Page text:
• Columns 

    Casting Couch: The Incal

    By | June 18th, 2014
    Posted in Columns | 6 Comments

    About this time last year, it was announced that Nicolas Winding Refn would be adapting Jodorowsky and Moebius’ classic “The Incal” into a film, and given our review of “Final Incal” up on the site today it felt appropriate to come back to this book and give our take on the casting of it. Refn is certainly a talented director, and if the book is really going to be adapted into the film he should have the best actors at his disposal for the film — which is, of course, where I come in.

    It’s tough to look at a book like this and cast it as there are a lot of moving players and parts within. As such, I’m only going to be focusing on the main seven of the story, the seven chosen who are assembled by chance and by providence to be players in the greater story. With our director in place, it certainly makes some decisions easier as well, so lets begin:

    John DiFool- Matthew McConaughey

    Matthew McConaughey is having a great year, to say the least. Nabbing an Oscar for his role in Dallas Buyers Club and blowing the roof off the house his detractors live in with True Detective, it’s tough not to be a fan of McConaughey these days. And given the wide range of roles he’s played — whether it’s the more brash and menacing Mud of Mud, the strangely humorous Mark Hannah in Wolf of Wall Street or Detective Rust Cohle — McConaughey certainly has the range and talent to really be the John DiFool we need: both the hero, and the fool.

    Deepo – Martin Freeman

    Deepo is a tough call, as he’s as close to humorous relief as we get in “the Incal.” Deepo isn’t something to be taken lightly, either; rather, he somewhat straddles that line that John himself also does. So to cast Deepo, which is really just casting a voice, it stands to reason that we need someone both capable of humor and who can be serious in the same breadth, and Martin Freeman has had just as stellar a year as McConaughey. Anyone who saw his role on The Office as Tim knows that he can be quite hilarious (and that John Krasinski owes him his career), but his more recent roles of John Watson on Sherlock and Lester Nygaard on Fargo have completely re-branded him as an actor, and Nygaard in particular perhaps displays what is perfect for Deepo: someone funny, someone tragic, but someone none the less serious about greater implications.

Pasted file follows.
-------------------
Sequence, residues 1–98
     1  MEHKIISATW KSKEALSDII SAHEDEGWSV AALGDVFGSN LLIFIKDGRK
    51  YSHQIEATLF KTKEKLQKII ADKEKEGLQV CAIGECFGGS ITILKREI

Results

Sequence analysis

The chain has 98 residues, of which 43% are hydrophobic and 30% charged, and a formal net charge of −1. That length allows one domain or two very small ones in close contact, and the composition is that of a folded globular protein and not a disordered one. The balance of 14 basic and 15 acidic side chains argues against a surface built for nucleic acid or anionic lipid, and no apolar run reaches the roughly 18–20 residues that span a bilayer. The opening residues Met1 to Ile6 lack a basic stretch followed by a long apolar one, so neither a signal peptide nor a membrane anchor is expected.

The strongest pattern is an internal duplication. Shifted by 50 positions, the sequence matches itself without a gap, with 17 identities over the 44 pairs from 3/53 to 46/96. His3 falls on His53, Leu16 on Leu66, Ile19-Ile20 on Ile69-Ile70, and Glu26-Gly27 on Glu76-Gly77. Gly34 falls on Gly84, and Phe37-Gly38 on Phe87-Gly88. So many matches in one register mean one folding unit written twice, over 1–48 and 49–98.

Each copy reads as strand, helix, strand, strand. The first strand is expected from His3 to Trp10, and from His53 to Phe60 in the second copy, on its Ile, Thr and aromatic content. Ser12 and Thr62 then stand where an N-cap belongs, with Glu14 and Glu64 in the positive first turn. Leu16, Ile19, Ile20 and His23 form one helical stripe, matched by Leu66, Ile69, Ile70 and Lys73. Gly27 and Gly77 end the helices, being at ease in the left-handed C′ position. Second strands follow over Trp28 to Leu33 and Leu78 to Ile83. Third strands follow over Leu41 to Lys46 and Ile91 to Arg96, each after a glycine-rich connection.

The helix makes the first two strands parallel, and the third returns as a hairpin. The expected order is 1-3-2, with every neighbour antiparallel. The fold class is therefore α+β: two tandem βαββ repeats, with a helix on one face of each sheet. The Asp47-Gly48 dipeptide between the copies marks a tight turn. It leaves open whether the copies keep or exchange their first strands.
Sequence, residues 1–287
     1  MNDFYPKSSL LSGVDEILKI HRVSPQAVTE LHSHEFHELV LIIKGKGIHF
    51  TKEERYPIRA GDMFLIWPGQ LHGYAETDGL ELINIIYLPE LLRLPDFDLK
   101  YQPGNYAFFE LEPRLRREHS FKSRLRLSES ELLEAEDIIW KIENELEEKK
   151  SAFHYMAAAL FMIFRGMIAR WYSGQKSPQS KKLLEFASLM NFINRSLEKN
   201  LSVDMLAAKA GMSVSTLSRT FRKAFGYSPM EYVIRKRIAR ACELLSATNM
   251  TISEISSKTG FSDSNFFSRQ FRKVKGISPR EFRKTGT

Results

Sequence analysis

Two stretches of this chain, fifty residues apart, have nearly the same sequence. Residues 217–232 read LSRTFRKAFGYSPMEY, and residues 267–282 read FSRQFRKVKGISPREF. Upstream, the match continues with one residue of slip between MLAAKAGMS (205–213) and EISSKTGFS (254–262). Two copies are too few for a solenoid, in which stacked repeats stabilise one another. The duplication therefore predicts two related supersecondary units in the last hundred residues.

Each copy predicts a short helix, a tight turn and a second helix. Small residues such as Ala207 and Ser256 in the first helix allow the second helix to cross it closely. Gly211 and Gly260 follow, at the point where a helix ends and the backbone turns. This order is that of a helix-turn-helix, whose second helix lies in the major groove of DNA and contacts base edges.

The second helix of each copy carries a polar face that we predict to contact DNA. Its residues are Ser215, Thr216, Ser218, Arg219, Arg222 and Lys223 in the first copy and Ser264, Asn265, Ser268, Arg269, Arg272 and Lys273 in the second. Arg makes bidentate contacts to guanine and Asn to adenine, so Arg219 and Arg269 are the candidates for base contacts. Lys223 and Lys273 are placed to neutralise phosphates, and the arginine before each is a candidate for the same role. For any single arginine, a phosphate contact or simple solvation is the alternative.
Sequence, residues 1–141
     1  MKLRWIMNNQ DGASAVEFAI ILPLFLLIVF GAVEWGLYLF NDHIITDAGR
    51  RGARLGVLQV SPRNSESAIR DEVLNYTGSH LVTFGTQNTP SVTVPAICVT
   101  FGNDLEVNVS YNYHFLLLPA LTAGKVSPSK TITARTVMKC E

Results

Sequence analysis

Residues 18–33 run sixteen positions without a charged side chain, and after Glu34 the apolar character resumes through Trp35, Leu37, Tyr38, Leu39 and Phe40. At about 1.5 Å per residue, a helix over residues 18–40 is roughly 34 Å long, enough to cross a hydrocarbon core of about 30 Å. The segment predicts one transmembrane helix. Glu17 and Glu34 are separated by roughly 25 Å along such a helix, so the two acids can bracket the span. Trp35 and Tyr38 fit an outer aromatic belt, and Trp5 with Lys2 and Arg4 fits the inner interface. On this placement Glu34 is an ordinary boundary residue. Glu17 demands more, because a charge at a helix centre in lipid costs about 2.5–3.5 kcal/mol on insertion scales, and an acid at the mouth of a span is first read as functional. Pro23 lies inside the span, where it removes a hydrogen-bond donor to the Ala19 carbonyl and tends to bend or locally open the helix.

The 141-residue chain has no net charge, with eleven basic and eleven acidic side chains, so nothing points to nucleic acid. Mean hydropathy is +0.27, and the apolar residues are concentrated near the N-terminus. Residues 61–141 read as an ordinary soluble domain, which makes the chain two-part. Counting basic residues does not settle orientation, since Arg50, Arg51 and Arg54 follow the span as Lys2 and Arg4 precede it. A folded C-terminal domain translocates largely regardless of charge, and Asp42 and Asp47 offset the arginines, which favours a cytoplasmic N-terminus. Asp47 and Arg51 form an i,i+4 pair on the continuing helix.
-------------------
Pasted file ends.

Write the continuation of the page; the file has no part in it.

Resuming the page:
Animah – Carey Mulligan

    Animah and her sister Tanatah are tricky, as more than anything you need two actresses who can play off of each other well. You also need people who can really emphasize the aspects that the two are supposed to embody in terms of their place within the light (Animah) and the dark (Tanatah). So for Animah, we’re going to go with a previous Refn-collaborator with Carey Mulligan, because honestly, if there is anyone who seems to radiate light all on her own, it’s Carey Mulligan. Mulligan has played characters with dark aspects, but even when she’s ostensibly playing a “villain” (like Daisy Buchanan, I guess, depending how you define that role?), Mulligan is always a very light-hearted individual on-screen and off.

    Conversely, for her sister we go with:

    Tanatah – Jessica Chastain

    Chastain is one of my favorite current actresses, and while she’s played her fair share of light-hearted characters like Mulligan, Chastain has showed us with roles like in Zero Dark Thirty that when she means business, she means business. Chastain feels like the perfect actress to go opposite of Mulligan in this role as the darker of the two sisters, as well as an antagonist to John DiFool.

    The Metabaron – Tom Hardy

    The Metabaron is a pretty interesting character as he’s somewhat of a bruiser, and yet calling him that simplifies the role a lot. For this role, though, we’re definitely going with past-Refn collaborator Tom Hardy, as Hardy’s portrayal of Bronson in the Refn film of the same name perhaps perfectly encapsulates what both Hardy and Refn are capable of doing with the multi-faceted character. Hardy certainly has the appropriate body type for the role, but his talent as an actor is what could make the Metabaron as important and intriguing a character as he needs to be.